Before I had a blog

Back in the dark ages, before I had a blog, I attempted mass communication using a word processor to put words on material made from dead trees. I then used an envelope and stamp to send my missives to the local newspaper in hopes they might indulge me by sharing my words with their readers.

I didn’t realize it, but my parent saved at least some of those published Letters to the Editor.

Although my parents died in 2012 and 2014, my brothers are still cleaning the attic of their house. Stuff related to me has ended up on my desk. These two clippings arrived recently and are from over 20 years ago:




4 thoughts on “Before I had a blog

  1. I give up reading and commenting on social media for Lent. I have done so for years. So, I want you all to realize, by making this post, I am contravening a holy obligation I have taken upon myself, and breaking it for reasons I deem sufficient to break that obligation:

    Stock in months of dietary starch. By months, I mean, double digits of months. By God, and my hopes of Redemption, do what the Mormons advise and stock a larder of dried basic provisions to keep you and your immediate loved ones alive, even at risk of dietary insufficiency, for at least two years without resupply.

    If you don’t know how to hunt, learn how to hunt for protein, legally, and possibly illegibly in extremis. Stock ammo to keep you and yours alive. Stock fuel, or means to use scavenged fuel, to turn raw food into edible food on an unlimited basis. If you don’t have a camping-scale wood-burning option, get one.

    Plan for vitamin deficiency and either stock to overcome or plan to collect.

    The global supply chain has not yet completely collapsed, but it wasn’t what it was in 2016, when you could order anything you wanted and have it appear in two days. Expect the new normal: you can order it, and it might appear in six weeks, before everything fails and we’re back to medieval trading.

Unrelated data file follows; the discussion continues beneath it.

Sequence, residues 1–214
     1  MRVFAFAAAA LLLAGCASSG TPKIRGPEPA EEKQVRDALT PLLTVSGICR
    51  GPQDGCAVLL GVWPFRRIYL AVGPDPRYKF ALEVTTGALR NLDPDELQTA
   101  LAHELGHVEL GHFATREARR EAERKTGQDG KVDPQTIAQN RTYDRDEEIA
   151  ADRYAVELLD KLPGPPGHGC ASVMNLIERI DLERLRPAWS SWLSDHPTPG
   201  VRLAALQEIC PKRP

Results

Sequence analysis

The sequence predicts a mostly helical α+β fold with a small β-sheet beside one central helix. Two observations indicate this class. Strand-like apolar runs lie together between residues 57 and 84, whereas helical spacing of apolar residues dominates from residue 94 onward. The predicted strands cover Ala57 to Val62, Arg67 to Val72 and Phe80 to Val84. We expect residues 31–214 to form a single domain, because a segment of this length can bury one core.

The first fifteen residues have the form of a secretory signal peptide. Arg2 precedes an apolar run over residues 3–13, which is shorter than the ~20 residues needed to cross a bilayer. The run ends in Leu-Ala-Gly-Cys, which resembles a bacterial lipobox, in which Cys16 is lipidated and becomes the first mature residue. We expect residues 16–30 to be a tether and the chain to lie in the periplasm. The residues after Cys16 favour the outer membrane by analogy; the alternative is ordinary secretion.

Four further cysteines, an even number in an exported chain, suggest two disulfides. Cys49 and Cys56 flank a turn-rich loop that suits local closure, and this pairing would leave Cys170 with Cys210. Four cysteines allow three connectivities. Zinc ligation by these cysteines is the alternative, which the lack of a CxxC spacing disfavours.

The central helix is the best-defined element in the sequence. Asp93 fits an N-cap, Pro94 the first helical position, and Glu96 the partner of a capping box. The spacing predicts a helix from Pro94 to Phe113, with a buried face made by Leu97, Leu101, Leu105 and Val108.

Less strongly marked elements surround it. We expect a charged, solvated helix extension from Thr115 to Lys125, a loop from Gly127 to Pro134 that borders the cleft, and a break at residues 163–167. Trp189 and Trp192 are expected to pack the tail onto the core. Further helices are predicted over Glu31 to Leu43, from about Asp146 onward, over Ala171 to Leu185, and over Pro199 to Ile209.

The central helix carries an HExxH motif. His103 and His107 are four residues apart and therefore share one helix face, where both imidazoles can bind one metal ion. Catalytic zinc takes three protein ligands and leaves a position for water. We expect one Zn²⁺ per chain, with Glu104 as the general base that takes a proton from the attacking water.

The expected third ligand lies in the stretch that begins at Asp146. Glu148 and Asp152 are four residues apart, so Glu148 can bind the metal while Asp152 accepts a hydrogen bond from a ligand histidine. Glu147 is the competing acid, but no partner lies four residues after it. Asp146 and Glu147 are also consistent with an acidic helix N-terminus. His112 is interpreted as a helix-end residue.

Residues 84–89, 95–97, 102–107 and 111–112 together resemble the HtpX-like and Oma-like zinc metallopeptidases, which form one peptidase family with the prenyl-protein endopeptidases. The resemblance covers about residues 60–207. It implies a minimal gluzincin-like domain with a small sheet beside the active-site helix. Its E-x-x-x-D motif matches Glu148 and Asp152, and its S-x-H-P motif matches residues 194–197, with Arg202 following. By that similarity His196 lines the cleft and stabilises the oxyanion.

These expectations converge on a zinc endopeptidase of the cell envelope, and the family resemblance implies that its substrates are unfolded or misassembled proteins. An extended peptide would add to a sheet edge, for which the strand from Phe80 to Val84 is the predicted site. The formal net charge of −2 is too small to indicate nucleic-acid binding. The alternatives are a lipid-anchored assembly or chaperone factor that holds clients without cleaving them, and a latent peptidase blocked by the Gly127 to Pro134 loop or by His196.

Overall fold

Maybe I’m wrong. Maybe the entire root-to-leaf Biden administration, plus all the administrative supporters, swings from the branches of DC cherry trees in the next eight months, plus similarly in every state capitol. Even so, it’s not going to change the practicalities: it’s going to be a rough few years. The COVID stuff was peanuts, mostly a matter of government diktaks well in excess of the actual risk of a flu-grade virus. Government, authoritarianism, is what killed us as a people, not the virus.

    Plan to live as if the wider bureaucracy doesn’t exist. America will survive. Americanism stands strong, living in the heart of everyone that accepts in their heart the fundamentals of the Declaration of Independence. It’s the formalized federal and state governments that will have to be shed as the un-American, un-Constitutional self-serving bureaucracies that they are.

    Practically, that means: they will cut off social security, disability. EBT support. Let it go, those were always a trap. Instead, plan to support your local innocent poor, and turn out the predatory of any affluence. The Non-Aggression Principle is a good guide. Teach people into general utility. Our (great-great-)great-grandparents survived the Depression and wartime rationing through hard lessons and hard practicalities; we’re likely to have to teach the surviving part of the next generation the same.

    I’ll tell you one thing: if anyone asks you your pronouns, or tells you theirs, leave them to die on the side of the road. Nobody has time for that faculty-lounge shit any more.

    • I had lunch with some of the editorial staff once. I think I managed to convince them I wasn’t a total nutjob.

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